John Terry: let the love rat keep the armband

The England captain may have been a two-timing shit to his wife, but that’s a bad reason for Fabio Capello to sack him.

Duleep Allirajah

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Should John Terry lose the England captaincy? Don’t be daft. If Fabio Capello sacks Terry I’m ripping up my England supporters’ club membership card.

Well, admittedly I’m not actually a paid-up member. In fact, I’ve never been to an England game. But you get my point. If Capello caves in to the moralisers and pontificators and sermonisers then his team won’t be worthy of the nation’s backing.

I can think of no good reason for sacking John Terry. You might hate Chelsea with a passion. You might regard the Chelsea skipper as a big cry baby. You might find Terry’s attempt to obtain a gagging order to prevent the story of his alleged affair being published to be an affront to free speech. These are all good reasons for disliking the man known as Mr Chelsea. But none of them is a valid reason for stripping him of the England captain’s armband. The moralists, of course, want him out for a whole host of other reasons. So let’s look at John Terry’s rap sheet a bit more closely:

  1. He’s a love rat. It is alleged that Terry cheated on his wife Toni Poole. But so what? ‘Footballer cheats on his missus’ is hardly an earth-shattering revelation, is it? The vilification of Terry is in stark contrast to the canonisation of Bobby Moore, England’s World Cup-winning captain. Terry’s behaviour is seen as symptomatic of the decadence and amorality of the modern-day footballer. Yet, as one PR expert has pointed out: ‘Moore was also a notorious late night boozer, a womaniser (behind his wife’s back) and he was rumoured to have been involved in some dodgy business deals’. John Terry might be an adulterer, but what he does in his private life is his own business. He’s a footballer and his place in the England team should be judged on his on-field performances alone.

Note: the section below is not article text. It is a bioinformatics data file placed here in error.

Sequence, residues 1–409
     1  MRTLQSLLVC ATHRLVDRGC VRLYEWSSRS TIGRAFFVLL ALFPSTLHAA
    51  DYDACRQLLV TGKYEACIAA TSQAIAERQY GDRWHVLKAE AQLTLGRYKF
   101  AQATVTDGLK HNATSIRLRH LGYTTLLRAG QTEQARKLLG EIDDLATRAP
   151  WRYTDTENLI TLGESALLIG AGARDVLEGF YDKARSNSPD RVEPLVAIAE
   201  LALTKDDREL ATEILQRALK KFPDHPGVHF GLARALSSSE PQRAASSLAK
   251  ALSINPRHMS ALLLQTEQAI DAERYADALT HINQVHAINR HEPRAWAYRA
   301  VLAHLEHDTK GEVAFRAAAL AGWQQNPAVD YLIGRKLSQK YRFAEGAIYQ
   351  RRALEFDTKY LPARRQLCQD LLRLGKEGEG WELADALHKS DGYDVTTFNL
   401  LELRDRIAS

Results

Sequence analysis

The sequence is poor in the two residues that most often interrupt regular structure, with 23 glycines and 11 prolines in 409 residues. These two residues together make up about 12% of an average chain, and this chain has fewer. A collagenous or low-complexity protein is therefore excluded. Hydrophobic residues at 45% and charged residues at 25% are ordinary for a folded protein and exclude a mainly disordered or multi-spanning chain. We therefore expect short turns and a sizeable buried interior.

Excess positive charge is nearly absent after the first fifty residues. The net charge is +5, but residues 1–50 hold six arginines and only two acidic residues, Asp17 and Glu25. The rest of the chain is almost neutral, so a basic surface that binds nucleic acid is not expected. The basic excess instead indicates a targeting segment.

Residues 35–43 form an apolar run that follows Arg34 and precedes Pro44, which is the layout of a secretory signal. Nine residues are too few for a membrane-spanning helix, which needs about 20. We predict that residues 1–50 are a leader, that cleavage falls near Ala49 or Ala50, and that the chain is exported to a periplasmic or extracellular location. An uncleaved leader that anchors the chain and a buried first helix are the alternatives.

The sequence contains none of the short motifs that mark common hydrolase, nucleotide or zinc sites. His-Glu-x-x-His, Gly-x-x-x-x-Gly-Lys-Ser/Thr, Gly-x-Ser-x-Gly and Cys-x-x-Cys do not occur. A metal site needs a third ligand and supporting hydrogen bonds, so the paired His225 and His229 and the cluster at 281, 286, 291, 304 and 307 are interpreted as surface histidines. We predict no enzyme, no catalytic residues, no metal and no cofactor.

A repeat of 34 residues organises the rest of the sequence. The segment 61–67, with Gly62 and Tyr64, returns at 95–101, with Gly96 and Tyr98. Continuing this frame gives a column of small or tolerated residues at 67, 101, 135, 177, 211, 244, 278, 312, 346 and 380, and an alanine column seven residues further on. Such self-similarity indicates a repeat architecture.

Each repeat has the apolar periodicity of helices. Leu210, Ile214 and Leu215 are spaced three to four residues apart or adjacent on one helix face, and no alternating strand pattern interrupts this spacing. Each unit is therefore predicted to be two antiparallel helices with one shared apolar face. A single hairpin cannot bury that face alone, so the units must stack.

2. It’s not the behaviour one would expect of ‘Dad of the Year’. Maybe not, but at the risk of repeating myself, I couldn’t give a monkey’s. Who cares whether he’s a bad dad? Go ahead, let the Daddy’s Sauce PR people retrospectively strip him of the ‘Dad of the Year’ title. He might have blubbed when he blew the chance to win the Champions League, but I can’t see him shedding any tears over the loss of this meaningless award.
  3. Footballers are role models. Er, no they’re not. Or at least they shouldn’t be. They are paid to excel at football, not to provide moral leadership to the nation’s kids. As basketball star Charles Barkley said in that infamous Nike Air advert: ‘I am not a role model… Parents should be role models’. I’m not exactly sure how one goes about explaining to a child that bedding another footballer’s WAG is wrong but that’s a problem for us to figure out. It’s our job as parents to teach our kids what’s right and wrong. If we mess it up it’s hardly John Terry’s fault.